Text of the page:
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CROP PROGRESS: Corn harvest off to slow startCROP PROGRESS: Corn harvest off to slow start

Corn harvest starts but running behind five-year average.

September 19, 2017

3 Min Read
CROP PROGRESS: Corn harvest off to slow start

By Ben Potter

According to the latest crop progress report from the U.S. Department of Agriculture, corn crop conditions are a carbon copy of last week, with 61% of the crop rated good to excellent. Even so, the corn crop is being a bit of a slowpoke – lagging behind the five-year average when it comes to percent of mature crop and percent harvested.

For the week ending Sept. 17, 86% of the corn crop was dented, compared to 92% a year ago and 90% for the five-year average, according to USDA. Corn maturity is up to 34% -- well behind last year’s total of 50% and the five-year average of 47%. Harvest is now 17% completed versus 8% in 2016 and 11% for the five-year average.

The majority of the 2017 corn crop continues to be rated good to excellent. Only 13% of the crop is rated poor to very poor, and multiple states boast 80% or more of the crop rated good to excellent, including Pennsylvania (91%), Tennessee (87%), Wisconsin (80%), Kentucky (83%) and Minnesota (81%).

Still, Monday’s crop progress report confirmed this week’s Vegetation Health Index maps, which have hinted at declining conditions that can be hard to judge when crops are maturing, according to Farm Futures senior grain market analyst Bryce Knorr.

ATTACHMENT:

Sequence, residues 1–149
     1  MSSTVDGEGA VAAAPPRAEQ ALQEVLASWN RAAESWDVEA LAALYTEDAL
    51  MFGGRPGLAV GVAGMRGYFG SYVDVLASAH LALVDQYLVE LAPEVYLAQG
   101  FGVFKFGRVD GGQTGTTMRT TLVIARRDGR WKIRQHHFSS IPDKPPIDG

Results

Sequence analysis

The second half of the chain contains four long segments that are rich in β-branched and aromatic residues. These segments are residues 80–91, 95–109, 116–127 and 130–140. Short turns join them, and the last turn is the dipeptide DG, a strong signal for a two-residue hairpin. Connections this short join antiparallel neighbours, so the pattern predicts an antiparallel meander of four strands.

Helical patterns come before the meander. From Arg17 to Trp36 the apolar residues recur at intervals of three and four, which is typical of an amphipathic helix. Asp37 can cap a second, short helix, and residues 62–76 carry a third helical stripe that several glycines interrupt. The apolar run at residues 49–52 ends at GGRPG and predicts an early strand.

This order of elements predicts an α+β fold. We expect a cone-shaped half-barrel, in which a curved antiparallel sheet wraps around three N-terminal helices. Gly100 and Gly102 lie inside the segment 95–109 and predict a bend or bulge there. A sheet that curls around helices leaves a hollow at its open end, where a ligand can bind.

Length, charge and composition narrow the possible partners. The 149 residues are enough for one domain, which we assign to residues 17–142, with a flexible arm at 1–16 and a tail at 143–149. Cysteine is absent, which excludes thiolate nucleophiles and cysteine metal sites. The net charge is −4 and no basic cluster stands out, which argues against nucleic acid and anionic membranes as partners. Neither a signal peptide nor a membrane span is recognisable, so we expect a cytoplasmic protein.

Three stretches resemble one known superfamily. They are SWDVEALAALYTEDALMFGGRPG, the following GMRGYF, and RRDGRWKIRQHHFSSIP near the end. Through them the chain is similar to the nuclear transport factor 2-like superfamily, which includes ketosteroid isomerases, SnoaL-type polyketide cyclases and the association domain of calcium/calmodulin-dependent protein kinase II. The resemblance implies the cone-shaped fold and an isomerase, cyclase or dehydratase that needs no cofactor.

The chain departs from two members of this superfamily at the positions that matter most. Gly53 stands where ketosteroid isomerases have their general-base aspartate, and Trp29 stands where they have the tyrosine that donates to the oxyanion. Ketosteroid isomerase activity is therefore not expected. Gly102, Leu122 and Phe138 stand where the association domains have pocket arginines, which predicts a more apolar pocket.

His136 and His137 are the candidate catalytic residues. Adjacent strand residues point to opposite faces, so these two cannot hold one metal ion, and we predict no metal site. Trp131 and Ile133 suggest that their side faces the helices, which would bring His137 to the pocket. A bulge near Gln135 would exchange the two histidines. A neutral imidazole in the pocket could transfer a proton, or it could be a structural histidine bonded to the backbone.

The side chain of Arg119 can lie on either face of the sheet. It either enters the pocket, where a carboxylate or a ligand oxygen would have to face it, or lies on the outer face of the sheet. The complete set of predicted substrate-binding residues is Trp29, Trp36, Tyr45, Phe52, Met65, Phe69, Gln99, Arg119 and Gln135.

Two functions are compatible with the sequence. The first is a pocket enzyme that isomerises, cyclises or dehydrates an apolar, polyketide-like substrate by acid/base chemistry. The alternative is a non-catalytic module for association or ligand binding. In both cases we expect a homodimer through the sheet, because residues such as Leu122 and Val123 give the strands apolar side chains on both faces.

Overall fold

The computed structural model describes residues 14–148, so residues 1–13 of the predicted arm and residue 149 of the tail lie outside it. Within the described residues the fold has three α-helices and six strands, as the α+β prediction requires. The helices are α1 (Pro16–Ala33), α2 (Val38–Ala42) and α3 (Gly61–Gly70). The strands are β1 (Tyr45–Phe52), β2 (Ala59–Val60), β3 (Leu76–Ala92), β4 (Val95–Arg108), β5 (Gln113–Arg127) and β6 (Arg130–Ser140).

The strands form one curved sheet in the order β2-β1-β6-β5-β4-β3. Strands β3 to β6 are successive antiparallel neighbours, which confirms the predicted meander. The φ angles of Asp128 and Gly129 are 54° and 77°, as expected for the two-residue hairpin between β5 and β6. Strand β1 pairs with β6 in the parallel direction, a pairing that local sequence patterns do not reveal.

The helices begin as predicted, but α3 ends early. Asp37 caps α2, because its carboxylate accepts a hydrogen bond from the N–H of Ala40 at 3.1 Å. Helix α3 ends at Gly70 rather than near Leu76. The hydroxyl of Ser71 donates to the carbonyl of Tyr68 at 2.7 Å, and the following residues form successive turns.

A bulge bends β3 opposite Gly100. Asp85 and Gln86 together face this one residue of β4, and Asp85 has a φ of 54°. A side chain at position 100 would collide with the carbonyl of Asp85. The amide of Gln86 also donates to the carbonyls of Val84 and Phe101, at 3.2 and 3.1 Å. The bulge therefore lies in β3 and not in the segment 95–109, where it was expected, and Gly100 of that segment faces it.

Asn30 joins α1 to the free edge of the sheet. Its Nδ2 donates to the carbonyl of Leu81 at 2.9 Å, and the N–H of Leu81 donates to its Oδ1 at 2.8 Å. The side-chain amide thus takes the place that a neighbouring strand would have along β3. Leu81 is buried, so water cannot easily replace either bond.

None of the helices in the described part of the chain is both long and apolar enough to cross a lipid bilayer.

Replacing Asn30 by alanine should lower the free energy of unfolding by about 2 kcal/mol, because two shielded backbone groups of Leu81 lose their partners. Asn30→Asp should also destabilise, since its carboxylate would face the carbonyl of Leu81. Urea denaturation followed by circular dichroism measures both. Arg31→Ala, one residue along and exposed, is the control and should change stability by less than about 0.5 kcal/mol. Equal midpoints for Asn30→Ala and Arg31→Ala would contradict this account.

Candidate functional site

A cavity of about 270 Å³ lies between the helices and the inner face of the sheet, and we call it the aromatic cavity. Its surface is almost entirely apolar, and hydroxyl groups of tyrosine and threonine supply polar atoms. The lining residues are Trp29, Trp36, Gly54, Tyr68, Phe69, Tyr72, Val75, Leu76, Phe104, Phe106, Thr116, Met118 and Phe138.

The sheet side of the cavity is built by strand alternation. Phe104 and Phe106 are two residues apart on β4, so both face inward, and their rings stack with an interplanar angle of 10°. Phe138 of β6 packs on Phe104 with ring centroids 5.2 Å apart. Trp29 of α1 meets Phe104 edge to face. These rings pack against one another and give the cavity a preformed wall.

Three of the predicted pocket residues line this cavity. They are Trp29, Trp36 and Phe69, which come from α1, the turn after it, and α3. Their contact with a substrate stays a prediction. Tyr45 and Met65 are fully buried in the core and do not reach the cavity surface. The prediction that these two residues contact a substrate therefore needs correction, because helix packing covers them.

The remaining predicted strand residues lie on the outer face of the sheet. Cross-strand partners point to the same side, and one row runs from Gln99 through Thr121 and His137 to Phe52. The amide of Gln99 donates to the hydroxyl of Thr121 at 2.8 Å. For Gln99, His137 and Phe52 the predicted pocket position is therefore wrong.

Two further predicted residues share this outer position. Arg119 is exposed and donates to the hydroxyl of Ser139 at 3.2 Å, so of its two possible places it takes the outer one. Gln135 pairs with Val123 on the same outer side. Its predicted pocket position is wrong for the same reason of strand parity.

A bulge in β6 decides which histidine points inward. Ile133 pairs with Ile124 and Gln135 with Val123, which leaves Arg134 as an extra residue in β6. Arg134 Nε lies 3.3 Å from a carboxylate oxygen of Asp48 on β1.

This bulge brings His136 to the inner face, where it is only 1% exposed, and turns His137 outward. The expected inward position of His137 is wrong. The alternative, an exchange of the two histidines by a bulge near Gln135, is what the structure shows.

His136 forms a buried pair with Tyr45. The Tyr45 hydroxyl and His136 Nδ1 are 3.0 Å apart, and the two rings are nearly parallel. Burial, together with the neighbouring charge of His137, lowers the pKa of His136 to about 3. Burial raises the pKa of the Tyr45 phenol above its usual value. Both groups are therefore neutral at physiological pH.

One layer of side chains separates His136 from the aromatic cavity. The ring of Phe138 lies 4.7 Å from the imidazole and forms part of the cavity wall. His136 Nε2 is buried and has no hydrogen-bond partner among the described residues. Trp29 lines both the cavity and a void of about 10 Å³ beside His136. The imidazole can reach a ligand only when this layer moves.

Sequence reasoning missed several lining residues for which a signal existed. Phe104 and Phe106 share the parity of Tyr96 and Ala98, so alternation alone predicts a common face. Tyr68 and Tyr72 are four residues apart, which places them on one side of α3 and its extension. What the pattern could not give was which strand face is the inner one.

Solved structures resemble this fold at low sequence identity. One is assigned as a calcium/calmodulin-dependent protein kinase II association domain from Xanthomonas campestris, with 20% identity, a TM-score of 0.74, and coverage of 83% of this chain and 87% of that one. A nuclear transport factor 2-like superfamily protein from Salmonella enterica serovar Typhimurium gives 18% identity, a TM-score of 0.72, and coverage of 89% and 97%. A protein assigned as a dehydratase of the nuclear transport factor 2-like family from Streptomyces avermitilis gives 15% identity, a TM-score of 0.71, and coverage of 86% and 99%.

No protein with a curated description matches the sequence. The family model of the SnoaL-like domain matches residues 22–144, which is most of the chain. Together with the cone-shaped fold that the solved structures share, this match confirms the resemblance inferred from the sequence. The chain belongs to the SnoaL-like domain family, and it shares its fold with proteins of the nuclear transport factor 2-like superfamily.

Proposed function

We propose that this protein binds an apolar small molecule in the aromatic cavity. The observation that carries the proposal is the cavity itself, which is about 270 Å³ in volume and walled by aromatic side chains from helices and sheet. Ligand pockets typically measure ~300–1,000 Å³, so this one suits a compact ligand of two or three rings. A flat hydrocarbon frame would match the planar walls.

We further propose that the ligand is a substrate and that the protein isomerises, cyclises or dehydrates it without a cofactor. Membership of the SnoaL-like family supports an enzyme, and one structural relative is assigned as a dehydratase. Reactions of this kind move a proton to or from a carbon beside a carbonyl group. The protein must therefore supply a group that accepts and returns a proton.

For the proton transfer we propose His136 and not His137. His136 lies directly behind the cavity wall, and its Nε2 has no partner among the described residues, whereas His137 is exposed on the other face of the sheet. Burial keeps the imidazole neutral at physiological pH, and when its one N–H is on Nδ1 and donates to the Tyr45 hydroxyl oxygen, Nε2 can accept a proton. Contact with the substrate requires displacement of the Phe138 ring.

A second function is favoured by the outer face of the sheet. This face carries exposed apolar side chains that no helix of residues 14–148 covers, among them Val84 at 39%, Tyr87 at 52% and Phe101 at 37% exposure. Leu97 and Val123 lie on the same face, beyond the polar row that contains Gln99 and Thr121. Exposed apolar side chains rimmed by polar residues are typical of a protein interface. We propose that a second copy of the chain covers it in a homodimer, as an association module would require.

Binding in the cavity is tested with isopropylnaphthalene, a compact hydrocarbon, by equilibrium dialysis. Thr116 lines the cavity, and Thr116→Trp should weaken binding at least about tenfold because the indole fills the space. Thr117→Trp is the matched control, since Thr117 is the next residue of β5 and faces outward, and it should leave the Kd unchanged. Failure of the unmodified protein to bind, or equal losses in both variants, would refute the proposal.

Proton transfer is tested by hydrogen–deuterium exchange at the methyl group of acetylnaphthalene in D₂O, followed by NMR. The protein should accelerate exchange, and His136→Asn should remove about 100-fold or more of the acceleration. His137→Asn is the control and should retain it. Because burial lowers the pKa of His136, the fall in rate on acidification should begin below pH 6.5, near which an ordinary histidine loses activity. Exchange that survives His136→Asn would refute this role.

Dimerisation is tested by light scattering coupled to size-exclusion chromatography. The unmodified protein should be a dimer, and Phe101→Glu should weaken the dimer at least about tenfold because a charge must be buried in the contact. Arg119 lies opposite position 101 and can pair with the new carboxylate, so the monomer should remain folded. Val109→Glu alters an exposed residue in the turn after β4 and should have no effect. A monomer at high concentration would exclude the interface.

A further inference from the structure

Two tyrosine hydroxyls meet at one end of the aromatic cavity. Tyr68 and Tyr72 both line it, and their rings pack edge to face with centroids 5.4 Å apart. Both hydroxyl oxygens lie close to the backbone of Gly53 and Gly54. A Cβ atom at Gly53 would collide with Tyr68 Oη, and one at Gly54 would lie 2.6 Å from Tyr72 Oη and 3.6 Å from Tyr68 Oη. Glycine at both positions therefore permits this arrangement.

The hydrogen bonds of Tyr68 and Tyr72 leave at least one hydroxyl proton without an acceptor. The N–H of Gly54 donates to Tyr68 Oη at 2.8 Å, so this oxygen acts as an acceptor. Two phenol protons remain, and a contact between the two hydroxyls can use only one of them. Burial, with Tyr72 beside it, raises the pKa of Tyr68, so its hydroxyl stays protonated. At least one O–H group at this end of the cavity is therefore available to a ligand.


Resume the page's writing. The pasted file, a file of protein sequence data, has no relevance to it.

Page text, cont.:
“Our forecasts based on both the national rating of the soybean crop and state-by-state conditions showed declines, with the average of the two methods down about .015 of 1 bu. per acre (bpa),” he said. “The state model projected a U.S. corn yield down to 163.9 bpa, while the rating based on USDA’s national rating was unchanged at 165.6 bpa. Those compare to USDA’s Sept. 12 estimate of 169.9 bpa.”

Knorr said the corn yield potential in Illinois has suffered significantly, according to these assessments – by as much as 3.1 bpa, dropping to 173.2 bpa.

“That matches some of the anecdotal comments we’re hearing from farmers,” he said. “Soybean yields were down in both Iowa and Illinois, offsetting gains in some smaller producing states.”

For a second straight week, nationwide soybean ratings slipped 1%, moving the good-to-excellent totals from 60% to 59%. Another 29% of the crop is rated fair, with the remaining 12% rated poor or very poor.

In the meantime, the soybean crop is approaching maturity. A total of 41% of the crop is dropping leaves, up from 22% a week ago but still slightly behind 2016 and the five-year average of 43%. Harvest has just begun. At 4% completed, that’s in line with a year ago (4%) and the five-year average (5%).

Spring wheat is now 95% harvested, ahead of the five-year average of 87%. Idaho, Minnesota, Montana, North Dakota and South Dakota are all slightly ahead of schedule, with Washington slightly behind.

Planting of the 2017-18 winter wheat crop continues. Up to 13% of the crop is now in the ground, compared to 5% last week. The 2016 pace and the five-year average are both 15%.

The 2017 sorghum harvest is up to 29% completed, which is identical to the pace set in 2016 and in line with the five-year average.

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